An Introduction to Database Systems
by C. J. Date

Addison-Wesley Publishing Company, 1995.

I picked up this book because I am involved in the "persistence" area of object-oriented programming. Anyone who has, like me, been dealing with interfaces to databases without actually understanding the databases themselves, is going to enjoy this book and find wonderful insights into what they have been doing.

I was originally looking for some basic background, such as what "joins" and "unions" were, and the basics of the SQL language. I found much more in this book. I have deepened my understanding of maps and schemas, relearned terms that I had only partially understood, and begun to understand some of the mathematical theory behind relational databases.

The book is written for people who have a serious interest in some aspect of database systems. It assumes the reader has some technical background, including knowledge of computers and some knowledge of programming. Math background would help as well. No database knowledge is required, however, as the book starts with the basics and gives you a good grounding in those before continuing. Though it covers a very technical subject in great detail, this book is very readable and explains concepts clearly.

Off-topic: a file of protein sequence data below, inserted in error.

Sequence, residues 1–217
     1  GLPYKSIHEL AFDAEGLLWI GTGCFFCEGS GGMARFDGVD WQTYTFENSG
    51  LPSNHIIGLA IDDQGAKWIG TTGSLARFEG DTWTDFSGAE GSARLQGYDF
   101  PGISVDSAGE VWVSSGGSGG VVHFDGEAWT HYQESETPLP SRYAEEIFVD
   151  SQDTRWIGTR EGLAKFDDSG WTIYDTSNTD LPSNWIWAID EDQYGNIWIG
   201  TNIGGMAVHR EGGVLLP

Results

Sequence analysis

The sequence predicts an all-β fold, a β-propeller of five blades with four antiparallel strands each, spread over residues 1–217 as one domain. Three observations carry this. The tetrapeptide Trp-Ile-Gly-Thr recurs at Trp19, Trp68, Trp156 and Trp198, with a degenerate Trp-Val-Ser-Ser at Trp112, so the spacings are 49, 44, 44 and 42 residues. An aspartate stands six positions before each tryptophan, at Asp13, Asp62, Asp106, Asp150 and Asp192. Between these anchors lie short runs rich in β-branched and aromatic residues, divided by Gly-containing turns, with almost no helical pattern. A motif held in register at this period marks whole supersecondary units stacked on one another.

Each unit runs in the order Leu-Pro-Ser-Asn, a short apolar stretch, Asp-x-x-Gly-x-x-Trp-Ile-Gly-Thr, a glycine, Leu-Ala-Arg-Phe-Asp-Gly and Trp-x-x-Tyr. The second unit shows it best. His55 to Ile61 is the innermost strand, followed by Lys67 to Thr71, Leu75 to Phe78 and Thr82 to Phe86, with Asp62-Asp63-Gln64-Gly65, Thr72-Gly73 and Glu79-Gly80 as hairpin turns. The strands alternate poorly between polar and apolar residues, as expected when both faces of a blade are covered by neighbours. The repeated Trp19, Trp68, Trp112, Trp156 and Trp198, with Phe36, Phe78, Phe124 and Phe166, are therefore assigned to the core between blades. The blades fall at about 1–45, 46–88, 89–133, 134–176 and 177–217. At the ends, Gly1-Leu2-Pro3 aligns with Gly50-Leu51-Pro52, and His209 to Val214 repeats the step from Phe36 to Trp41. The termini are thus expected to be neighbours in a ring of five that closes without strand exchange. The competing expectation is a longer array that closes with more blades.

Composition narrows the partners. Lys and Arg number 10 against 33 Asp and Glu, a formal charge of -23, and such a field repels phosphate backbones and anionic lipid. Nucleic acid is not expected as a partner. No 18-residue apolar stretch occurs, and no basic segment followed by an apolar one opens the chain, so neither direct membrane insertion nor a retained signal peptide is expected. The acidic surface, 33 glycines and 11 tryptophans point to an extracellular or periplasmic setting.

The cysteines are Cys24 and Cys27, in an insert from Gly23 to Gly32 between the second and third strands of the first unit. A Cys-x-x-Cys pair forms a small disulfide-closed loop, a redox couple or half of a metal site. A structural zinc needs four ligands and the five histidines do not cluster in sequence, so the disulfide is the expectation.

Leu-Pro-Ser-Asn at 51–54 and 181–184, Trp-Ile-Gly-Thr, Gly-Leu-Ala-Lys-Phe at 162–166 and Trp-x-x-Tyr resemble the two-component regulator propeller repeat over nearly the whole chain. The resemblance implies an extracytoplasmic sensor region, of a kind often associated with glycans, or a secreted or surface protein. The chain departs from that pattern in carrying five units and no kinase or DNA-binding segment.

The final four chapters of the book, of special interest to me, deal with object-oriented databases. Large differences between the object-oriented model and the relational database model lead to what is frequently referred to as the "object-to-relational mapping problem." User requests that seem quite simple in an OO language can be very difficult to express and can execute with unacceptable performance in relational databases. The book leads you through a clear example. The writer, however, raises important questions and suggests that object-oriented databases, far from solving all problems, will simply present us with a different set.

The book is divided into six sections:

I recommend this book to anyone with a serious interest in database technology.

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